When I traveled in Peru on a mission trip I remember sitting in a taxi and seeing a man peeing on the side of the road in the city. I’ve seen men pee on trees in the park, and I’ve read signs that say, “No orinar aquí,” which means “No peeing here.”
This is one aspect of public indecency that can be shocking to tourists and visitors. Yet when you consider that most public restrooms charge admission, many people are working poor, and outside jobs typically don’t have restrooms readily available, you begin to understand why some people would do it (this is not one of those ‘true’ stereotypes).
Today I read an interesting article in a Colombian newspaper and had to laugh. Below I’ve translated for you a letter to the editor titled, “I Never Thought I’d Live Next to a Public Restroom.” See, it’s not just Americans who are grossed out by this behavior.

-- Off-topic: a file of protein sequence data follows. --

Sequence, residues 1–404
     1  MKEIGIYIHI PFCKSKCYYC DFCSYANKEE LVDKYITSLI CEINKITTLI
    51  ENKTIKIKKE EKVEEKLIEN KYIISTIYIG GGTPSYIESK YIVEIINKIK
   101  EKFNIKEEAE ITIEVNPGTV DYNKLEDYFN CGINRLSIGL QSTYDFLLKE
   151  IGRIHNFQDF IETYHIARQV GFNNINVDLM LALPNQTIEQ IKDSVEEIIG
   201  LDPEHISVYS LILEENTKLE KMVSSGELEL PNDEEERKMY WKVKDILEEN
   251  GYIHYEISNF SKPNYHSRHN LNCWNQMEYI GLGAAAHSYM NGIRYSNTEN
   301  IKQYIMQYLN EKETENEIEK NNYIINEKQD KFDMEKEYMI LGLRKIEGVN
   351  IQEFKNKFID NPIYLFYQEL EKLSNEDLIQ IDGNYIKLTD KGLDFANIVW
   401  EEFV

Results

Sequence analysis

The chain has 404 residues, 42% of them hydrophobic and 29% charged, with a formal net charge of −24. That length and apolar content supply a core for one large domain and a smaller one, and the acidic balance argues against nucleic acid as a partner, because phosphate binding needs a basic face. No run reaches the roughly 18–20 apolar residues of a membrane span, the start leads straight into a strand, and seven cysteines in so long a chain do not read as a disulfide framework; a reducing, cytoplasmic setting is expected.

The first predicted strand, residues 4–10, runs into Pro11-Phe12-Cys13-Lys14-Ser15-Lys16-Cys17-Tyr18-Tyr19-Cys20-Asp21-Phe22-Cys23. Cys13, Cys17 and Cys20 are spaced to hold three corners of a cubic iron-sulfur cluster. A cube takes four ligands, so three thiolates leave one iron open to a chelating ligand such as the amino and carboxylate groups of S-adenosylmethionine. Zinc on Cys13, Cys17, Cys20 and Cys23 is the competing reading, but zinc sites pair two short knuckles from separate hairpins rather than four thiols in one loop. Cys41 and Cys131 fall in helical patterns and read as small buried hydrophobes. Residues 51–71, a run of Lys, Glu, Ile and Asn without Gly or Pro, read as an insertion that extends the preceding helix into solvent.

I’ve lived over 20 years in Lagos de Cordoba, next to the wetland, and I'm tired of seeing drivers urinate there.
They are neither ashamed nor pay attention to the traffic sign that prohibits parking, which was put up recently to prevent that ‘little problem’, but the drivers do not care; they go potty on poor Cordoba Wetland.
From dawn to dusk you can hear the radios, and if you look, taxi drivers are urinating, sleeping or washing cars with water from puddles.
This is a residential area and we do not have to stand for this. And when they leave, not only do they leave the wetland smelling of urine, they leave plenty of garbage.
The park rangers [lit. ‘guards’] and the Environmental Police talk to them, but it’s no use because their response is always aggressive.
When I bought my house and they told me I’d live next to a wetland, I never thought I would live next to a public restroom.